Macro mode is an improvement over its predecessor model too. The Nikon P340 can shoot a mere 2cms away from the lens when at its widest-angle 24mm (equivalent) setting, and while it can't muster such close-up shooting when fully extended to its 120mm (equivalent) setting it can still shoot from approximately 30cms from the lens. You will need to pop the macro mode on via a downward press of the d-pad to switch between focus options and we found shooting multiple frames to be helpful as, again, one or two weren't precision focused.
When it comes to manual focus a focus assist option magnifies the screen to assist with identifying in-focus areas. In this model a focus peaking feature has been added which highlights in-focus edges with a colour (white by default) to identify that they are in focus. However it's the rear rotational d-pad that controls manual focus by default which feels a little strange - you can use the lens ring, but only by setting it up from within the menus.
With the Nikon P340 comes the addition of Wi-Fi. No longer do you need to fork out extra cash for a Wi-Fi accessory, and the presence of this new feature adds naught to the overall price. We like.
To use the service you'll need to download the Nikon Wireless Mobile Utility (WMU) for iOS or Android. It's a basic app, but it does the job and - best of all in our view - you needn't set up fussy passwords. Instead you can have an open network to make it easier to use a device to connect to the camera. Or if you're security cautious then you can set a complex password for the SSID connection.
Within the app you can preview shots on the camera's SD card on your smart device. And download them if you want. But that is it. There's no direct sharing from the app, but that's easy to do from the smart device. At least Nikon hasn't gone down the route of complicating things or forcing its own services on users (as Panasonic does).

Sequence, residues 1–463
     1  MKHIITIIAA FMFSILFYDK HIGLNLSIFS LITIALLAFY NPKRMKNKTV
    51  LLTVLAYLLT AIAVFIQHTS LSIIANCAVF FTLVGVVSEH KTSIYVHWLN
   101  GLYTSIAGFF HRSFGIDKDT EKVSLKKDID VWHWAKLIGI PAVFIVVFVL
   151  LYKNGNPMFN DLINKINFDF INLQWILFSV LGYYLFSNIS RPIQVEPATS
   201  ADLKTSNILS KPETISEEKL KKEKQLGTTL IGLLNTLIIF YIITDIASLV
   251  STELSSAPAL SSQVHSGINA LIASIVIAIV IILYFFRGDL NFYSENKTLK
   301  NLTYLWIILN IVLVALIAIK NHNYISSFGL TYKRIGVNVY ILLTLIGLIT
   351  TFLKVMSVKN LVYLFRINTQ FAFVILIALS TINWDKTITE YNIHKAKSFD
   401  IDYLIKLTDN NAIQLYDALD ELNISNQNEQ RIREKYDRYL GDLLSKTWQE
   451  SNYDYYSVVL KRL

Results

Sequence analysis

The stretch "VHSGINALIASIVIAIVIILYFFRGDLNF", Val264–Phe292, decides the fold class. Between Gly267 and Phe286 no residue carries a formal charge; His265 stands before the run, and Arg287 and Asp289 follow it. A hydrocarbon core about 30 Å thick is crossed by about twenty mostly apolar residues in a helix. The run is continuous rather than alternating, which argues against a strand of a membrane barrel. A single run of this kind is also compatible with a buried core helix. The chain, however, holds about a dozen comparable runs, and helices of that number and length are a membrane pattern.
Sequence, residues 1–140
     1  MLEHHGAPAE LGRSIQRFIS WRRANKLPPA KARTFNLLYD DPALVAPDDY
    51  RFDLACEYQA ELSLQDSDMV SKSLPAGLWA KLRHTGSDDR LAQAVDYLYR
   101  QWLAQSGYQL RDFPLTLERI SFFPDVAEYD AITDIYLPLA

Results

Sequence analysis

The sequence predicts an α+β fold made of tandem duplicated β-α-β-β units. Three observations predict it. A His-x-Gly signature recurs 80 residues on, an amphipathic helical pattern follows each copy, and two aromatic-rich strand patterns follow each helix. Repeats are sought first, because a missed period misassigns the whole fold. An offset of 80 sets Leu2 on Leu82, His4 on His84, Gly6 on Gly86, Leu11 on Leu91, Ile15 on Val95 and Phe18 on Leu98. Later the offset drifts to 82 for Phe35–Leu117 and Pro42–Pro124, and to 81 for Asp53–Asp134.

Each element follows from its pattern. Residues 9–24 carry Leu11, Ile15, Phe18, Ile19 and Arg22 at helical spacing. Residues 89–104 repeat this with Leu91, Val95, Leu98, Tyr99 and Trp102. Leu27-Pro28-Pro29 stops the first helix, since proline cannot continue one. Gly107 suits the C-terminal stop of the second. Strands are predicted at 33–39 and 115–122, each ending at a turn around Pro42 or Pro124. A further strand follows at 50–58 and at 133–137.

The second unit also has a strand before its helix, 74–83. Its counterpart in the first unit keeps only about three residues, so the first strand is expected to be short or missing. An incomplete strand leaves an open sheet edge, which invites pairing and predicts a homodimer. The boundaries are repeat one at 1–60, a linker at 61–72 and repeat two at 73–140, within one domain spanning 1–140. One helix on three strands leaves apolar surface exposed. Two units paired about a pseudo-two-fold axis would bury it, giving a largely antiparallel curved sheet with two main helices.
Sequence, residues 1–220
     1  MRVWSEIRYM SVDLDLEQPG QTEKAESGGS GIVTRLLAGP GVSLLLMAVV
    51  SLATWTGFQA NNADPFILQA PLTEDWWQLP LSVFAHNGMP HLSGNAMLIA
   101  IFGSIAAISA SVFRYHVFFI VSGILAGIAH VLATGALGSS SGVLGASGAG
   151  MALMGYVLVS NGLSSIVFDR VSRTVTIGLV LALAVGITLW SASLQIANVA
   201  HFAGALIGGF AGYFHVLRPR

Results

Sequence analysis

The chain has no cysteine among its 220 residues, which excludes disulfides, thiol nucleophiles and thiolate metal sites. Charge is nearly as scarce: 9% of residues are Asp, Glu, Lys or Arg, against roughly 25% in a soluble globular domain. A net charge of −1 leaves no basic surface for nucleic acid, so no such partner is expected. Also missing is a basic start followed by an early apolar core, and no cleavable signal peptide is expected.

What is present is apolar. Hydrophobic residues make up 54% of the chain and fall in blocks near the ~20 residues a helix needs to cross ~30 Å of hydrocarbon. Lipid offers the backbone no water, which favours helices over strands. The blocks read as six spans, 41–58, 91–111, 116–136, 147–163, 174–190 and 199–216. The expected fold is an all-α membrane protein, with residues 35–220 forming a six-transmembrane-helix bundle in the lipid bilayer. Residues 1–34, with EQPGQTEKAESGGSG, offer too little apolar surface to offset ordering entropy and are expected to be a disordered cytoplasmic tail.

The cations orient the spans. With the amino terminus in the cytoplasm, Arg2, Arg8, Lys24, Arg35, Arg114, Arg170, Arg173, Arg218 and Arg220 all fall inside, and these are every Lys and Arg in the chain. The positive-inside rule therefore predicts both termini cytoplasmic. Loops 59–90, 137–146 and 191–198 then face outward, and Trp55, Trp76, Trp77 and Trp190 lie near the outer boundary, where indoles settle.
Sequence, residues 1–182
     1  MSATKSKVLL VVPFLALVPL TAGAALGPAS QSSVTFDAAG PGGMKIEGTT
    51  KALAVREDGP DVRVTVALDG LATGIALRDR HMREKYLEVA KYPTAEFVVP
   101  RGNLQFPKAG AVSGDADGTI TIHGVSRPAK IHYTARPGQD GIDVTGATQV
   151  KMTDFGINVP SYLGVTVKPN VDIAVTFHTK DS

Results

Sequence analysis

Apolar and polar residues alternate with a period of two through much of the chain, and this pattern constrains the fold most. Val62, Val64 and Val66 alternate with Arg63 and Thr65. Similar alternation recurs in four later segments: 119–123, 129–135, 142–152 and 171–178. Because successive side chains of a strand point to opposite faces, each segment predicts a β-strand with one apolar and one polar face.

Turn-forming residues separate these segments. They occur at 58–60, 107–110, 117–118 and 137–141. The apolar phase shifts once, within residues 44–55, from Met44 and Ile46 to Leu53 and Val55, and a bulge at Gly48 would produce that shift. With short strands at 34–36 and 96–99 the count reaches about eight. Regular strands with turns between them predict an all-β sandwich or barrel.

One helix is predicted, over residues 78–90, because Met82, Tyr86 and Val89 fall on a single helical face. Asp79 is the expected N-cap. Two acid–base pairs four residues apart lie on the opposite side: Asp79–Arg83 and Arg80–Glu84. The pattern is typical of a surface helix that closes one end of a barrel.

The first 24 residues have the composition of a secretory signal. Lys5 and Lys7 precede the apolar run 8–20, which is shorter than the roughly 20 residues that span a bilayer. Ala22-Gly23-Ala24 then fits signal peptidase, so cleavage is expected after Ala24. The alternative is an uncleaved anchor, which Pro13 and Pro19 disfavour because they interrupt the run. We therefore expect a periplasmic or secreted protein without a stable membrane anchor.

Simple, but effective - we rather like this fashion of Wi-Fi sharing. Some more app-based tweaks, such as Facebook, Twitter and similar sharing integration and wireless remote control, and it would be a step ahead.
When it comes to image quality there's no discernible difference between the P340 and the earlier P330 models. And, in general, that's a good thing.
The fact that Nikon has chosen to use a 12-megapixel 1/1.7in sensor - not an over-populated 18-megapixel or higher resolution one - means there's more light available per "pixel" and that results in decent looking images. Shots might not be as physically large as some of the consumer compacts out there, but we're on side with the P340.
The ISO 80-3200 range is largely devoid of aggressive image noise at the lower ISO settings, except for some more notable colour noise in shadow areas from the mid ISO sensitivities and beyond. Even so the P340 outshines something like the Panasonic Lumix LX7 at these settings, even if it can't offer as wide a maximum aperture throughout its focal range.
It's the lower end of the sensitivity spectrum, at ISO 80, where shots are sharpest and most rewarding. We've snapped sharp macro shots and wide-angle scenes that look decent.
In addition to raw capture there are a batch of in-camera effects, while Nikon's Active D-Lighting can boost shadow and highlight detail for more equal-exposed shots.
If you want decent shots from a sensor of this size then the P340 is quite capable. Not best-in-class, but not too far behind the likes of the Canon Powershot S120.
Despite it only adding Wi-Fi and a handful of speed and software improvements compared to its 2013 predecessor the Coolpix P340 adds up to a more rounded experience than before.
It's a camera building from already solid foundations. Decent image quality, a fair price point and a competitive 24-120mm f/1.8-5.6 equivalent zoom lens with physical control ring ensure the Nikon is well in the high-end compact camera runnings.
However its questionable autofocus accuracy and relatively slow menu system hold the P340 back from a better score. We did rather enjoy the password-free open network possibilities of the Wi-Fi sharing, although the app could be developed into something more complex than the simple smartphone sharing application it currently is.
If price is a major factor in your purchase then the P340 is £100 less than the Canon PowerShot S120. It might not have the touchscreen and fuller features list, but for the sake of savings we can certainly see the Nikon appeal.
Nikon is finding its footing in the compact camera market and the Coolpix P340 is a good example of a compact camera. The Wi-Fi integration has been considered but there's still scope for the company to tweak a few performance points for it to truly excel.